MIT Reports to the President 1997-98


The Technology, Management, and Policy Program (TMP), established in 1992, is a multidisciplinary doctoral program that focuses on research intended to improve methods used in defining and implementing policies for the intelligent use of technology. Currently having 25 doctoral candidates, the Program brings together and coordinates several MIT research centers and educational programs in technology, management, and policy issues linked to large-scale systems.

Together with its master's program, the Technology and Policy Program doctoral program involves over 40 faculty and research staff, US $10 million of annual research funding, and about 200 graduate students. Graduates from this program go on to work for industry or government from Tokyo to Paris to Washington, D.C.

The participants in this Ph.D. Program share a common vision. Each emphasizes dual competency--in a technical area and in management and policy--as the basis for the effective design of large-scale systems. Together they are developing a new paradigm for the planning and design of engineering systems, a paradigm that blends technical expertise with competence in economics, management, and policy to achieve a better adaptation of technology to societal goals. A primary purpose of TMP is to diffuse throughout the education and practice of engineering the expertise in systems technology and policy that has been developed in the individual centers involved in the Program.

The centers and laboratories that constitute the Program have each achieved considerable worldwide recognition in their specialized fields over the past 20 years. By working together they can pursue research on large-scale systems and establish interdisciplinary curricula more easily than they could individually.

The Program's objectives include:


Center for Technology, Policy, and Industrial Development: The very name of the CTPID was selected to underscore the important linkages between technology, policy, and industrial development. The central objective of the Center is to define these linkages and to develop policy alternatives that meet pressing social concerns.

Center for Construction Research and Education: CCRE was established at MIT in 1982 to provide a research environment conducive to the development and application of innovative construction technologies and management principles; to offer graduate programs in construction engineering and management; and to act as a facilitator and catalyst for improving the productivity and competitiveness of the engineering and construction industry and to enhance its contribution to the economy and society in general.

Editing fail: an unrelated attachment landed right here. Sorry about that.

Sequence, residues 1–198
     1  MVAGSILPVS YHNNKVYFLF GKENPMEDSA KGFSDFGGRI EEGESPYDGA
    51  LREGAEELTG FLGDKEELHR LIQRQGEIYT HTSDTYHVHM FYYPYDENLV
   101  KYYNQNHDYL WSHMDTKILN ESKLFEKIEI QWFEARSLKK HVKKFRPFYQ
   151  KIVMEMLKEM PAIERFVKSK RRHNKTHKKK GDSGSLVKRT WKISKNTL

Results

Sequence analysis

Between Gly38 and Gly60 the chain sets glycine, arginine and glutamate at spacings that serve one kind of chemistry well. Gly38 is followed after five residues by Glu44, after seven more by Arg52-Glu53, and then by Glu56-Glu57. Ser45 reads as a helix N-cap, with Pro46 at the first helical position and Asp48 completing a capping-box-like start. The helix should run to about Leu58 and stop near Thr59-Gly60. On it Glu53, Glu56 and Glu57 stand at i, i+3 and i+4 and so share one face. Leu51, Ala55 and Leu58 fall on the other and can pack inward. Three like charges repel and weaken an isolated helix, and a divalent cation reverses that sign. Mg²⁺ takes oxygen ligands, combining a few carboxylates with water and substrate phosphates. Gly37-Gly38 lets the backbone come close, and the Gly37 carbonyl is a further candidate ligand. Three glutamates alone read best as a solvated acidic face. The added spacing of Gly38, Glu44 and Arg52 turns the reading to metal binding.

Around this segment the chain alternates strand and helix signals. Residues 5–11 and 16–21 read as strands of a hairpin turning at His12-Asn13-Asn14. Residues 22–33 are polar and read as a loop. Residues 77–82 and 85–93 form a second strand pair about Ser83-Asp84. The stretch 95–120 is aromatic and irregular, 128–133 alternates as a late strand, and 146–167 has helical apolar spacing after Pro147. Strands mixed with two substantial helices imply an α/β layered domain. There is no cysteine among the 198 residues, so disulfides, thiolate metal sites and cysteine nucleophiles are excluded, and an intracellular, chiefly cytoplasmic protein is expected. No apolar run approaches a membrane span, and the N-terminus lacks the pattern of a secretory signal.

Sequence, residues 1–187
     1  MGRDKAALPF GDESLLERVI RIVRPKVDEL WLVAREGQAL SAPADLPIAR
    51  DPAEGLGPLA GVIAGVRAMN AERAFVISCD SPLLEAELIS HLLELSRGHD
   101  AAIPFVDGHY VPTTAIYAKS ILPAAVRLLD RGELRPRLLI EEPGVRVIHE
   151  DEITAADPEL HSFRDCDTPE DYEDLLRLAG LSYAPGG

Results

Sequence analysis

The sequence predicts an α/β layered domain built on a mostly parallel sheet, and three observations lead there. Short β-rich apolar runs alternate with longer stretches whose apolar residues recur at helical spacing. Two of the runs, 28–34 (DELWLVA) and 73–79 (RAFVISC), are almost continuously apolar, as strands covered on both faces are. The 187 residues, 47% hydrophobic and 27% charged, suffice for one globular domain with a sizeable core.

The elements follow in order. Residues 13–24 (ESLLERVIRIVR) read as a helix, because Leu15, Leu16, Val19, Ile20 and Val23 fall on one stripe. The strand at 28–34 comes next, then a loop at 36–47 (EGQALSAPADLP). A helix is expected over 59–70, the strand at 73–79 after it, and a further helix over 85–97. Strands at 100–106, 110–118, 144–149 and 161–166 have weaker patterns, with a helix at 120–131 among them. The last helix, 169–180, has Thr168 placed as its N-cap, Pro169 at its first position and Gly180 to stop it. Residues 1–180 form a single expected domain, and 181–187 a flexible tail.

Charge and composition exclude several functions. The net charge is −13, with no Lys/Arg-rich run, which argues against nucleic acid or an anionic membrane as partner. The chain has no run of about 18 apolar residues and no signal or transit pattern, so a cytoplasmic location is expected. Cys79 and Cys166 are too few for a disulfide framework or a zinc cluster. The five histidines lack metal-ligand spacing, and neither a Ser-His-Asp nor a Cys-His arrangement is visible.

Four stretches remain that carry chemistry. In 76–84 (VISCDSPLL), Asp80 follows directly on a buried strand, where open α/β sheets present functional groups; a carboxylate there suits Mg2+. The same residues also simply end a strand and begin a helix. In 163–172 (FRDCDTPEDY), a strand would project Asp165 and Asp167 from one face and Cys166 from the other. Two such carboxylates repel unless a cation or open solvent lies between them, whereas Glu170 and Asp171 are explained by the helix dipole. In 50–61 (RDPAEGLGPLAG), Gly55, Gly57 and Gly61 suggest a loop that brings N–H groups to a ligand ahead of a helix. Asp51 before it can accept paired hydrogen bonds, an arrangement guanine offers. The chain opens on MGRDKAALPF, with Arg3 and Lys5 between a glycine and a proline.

Center for Transportation Studies: CTS was established in 1973 to develop and coordinate a wide range of transportation-related activity at MIT. It provides a focal point for transportation education, facilitates transportation research, conducts an outreach program to the transportation industry, and encourages a sense of common purpose among the many departments, centers, and laboratories involved in transportation at MIT. The interchange of information, ideas, and inspiration among its faculty, students, and research staff makes it one of the most dynamic centers of activity in the transportation field.

The Materials Systems Laboratory: MSL is internationally recognized for its innovative work on the competitive position of materials and products in automotive, aerospace, electronic, and environmental applications. It fosters a unique combination of knowledge of the design and production processes used in industry together with managerial economics.

Program for Environmental Education and Research: PEER explores the relationship between technology and a sustainable environment. This new initiative builds upon MIT's extensive strengths in environmentally oriented education and research activities.

Daniel Roos

MIT Reports to the President 1997-98